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Post by Guest » Jul 18th 2003, 2:29 pm

About Jordan.Does anybody else think that it's kinda out of character for him to get all posessive when he sees Angela talking with Corey(Betrayal) and then he's all like" does she like that guy I keep seeing her talking to" altough he saw her talking to him JUST once and he's like upset about it and I think he even gets drunk because of it.What do you guys think?

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Post by TomSpeed » Jul 18th 2003, 2:44 pm

I think Jordan's reaction to Angela's interest in Corey is typical male behavior. He has taken Angela for granted. It isn't until he sees her with someone else when he realizes that he wants and needs her. People usually have a greater value when someone else wants them. Jordan must now decide whether to go out on a limb and pursue Angela. Does he risk rejection? We don't really know how many times he's seen Angela and Corey together. Time is often truncated for TV. One incident might be meant to represent a dozen incidents. So, faced with the possibility of losing Angela, Jordan gets drunk. He wants to forget how he stupidly let Angela get away. I think Jordan's behavior fits a pattern. He cares about her, but he doesn't want to risk showing how he feels. He's fine with having her sit around waiting for him to approach her. And he feels badly when she decides to stop wasting time waiting for him.
TomSpeed

Patty: If Rayanne's not seeing you, and we're not seeing you, who is seeing you?
Graham: And how much of you?
Angela: Dad!
Graham: Oh, I'm sorry! I asked a question about your life, didn't I? Woah, what came over me?
http://www.last.fm/user/TomSpeed/

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Post by cinnamongirl12 » Jul 18th 2003, 6:45 pm

One thing no ones really touched is Jordan's family life. The family unit you grow up with greatly effects how you interact with other people and often times the relationship between your parents plays into how you approach relationships. We don't know too much about jordan, but from So-Called Angels, we know that his father used to beat him and his brother up. I'm gonna guess that if Mr. Catalano hit his sons then he probably hit his wife, if Jordan's mom is still even in the picture. Even if he didn't hit the missus, he's a pretty evil guy and i can't imagine his parents having an ozzie and harriet relationship, or even the stability that Patty and Graham give Angela.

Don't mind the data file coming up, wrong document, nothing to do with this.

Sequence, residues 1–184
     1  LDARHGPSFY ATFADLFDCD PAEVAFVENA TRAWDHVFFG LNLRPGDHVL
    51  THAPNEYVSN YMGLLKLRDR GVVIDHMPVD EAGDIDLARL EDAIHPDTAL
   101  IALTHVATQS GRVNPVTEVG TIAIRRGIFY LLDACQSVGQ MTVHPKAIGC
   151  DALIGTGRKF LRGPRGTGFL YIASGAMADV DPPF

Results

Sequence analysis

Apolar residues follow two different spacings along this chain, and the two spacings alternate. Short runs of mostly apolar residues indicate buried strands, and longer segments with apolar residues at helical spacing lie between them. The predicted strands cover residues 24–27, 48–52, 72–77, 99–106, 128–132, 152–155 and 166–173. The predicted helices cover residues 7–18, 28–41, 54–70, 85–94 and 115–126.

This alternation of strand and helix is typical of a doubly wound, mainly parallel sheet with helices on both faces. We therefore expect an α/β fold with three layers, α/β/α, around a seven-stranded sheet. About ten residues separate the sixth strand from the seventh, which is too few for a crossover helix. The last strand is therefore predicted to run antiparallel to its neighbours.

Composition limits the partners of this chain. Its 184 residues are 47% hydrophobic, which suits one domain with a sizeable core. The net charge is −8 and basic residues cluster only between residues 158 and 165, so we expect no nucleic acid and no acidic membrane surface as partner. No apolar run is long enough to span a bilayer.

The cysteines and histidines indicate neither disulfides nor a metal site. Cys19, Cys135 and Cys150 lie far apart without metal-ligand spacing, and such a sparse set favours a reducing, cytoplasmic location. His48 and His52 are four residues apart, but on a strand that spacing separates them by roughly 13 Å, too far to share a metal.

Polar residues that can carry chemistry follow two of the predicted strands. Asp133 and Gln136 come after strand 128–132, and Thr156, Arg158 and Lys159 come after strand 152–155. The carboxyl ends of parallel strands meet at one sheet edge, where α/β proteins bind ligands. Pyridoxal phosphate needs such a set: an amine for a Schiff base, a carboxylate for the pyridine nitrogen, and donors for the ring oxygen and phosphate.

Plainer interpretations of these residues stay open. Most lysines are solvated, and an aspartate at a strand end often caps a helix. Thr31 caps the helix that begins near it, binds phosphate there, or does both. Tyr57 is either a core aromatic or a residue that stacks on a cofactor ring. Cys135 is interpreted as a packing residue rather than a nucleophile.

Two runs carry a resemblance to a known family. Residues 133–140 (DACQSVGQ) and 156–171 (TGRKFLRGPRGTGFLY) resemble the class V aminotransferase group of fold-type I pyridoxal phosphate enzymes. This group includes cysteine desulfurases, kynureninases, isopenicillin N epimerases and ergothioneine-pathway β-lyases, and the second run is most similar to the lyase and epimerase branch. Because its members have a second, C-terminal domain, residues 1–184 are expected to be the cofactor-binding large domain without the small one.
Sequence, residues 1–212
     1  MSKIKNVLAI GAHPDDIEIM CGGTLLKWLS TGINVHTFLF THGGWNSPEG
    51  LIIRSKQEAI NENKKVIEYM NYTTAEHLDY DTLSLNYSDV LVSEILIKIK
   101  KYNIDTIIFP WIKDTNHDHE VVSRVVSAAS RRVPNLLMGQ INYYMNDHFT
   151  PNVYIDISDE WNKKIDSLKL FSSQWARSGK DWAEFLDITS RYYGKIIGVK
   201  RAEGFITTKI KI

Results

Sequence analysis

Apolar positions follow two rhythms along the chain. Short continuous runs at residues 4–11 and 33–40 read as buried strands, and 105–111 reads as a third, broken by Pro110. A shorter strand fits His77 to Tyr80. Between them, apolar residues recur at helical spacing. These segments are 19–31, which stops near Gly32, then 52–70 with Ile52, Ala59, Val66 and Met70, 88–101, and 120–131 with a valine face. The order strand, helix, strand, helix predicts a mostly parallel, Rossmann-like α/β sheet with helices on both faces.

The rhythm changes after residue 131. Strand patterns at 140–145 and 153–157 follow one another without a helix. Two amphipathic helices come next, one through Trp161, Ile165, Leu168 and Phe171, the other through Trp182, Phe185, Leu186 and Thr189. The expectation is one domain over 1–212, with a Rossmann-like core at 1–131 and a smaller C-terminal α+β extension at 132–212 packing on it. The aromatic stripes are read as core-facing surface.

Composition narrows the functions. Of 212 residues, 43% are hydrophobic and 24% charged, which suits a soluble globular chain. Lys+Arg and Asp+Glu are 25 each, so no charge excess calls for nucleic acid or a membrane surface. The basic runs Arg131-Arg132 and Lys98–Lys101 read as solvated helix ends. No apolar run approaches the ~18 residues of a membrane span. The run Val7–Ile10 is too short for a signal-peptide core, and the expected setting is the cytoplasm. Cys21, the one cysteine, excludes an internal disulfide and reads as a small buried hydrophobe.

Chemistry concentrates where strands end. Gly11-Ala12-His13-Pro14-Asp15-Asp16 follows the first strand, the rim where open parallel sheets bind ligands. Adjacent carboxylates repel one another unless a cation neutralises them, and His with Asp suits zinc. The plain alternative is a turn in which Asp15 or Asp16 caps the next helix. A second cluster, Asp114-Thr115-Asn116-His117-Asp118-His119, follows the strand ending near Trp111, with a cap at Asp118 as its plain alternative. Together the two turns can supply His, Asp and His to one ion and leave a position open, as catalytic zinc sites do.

So not to be all gung-ho Jordan's innocent, cause he's not, what he did with Rayanne is unexcusable, but the fact of the matter is, is that he's only imitating what he's grown up with. He's not used to being attached to people or seeing two people fully commited, etc. Its like, no one ever taught him how to be a boyfriend/husband/significant other, so he's kind of blind to it all. Plus he's probably very insecure and doesn't want to get attached to Angela and have her hurt him, like most of the people in his life have.
I don't know, just a thought........
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Post by TomSpeed » Jul 18th 2003, 8:38 pm

Cinnamongirl12, I think your observations are right on target. It's a big thing to admit you care about someone. It's a major deal if the people who have been closest to you have treated you badly.
TomSpeed

Patty: If Rayanne's not seeing you, and we're not seeing you, who is seeing you?
Graham: And how much of you?
Angela: Dad!
Graham: Oh, I'm sorry! I asked a question about your life, didn't I? Woah, what came over me?
http://www.last.fm/user/TomSpeed/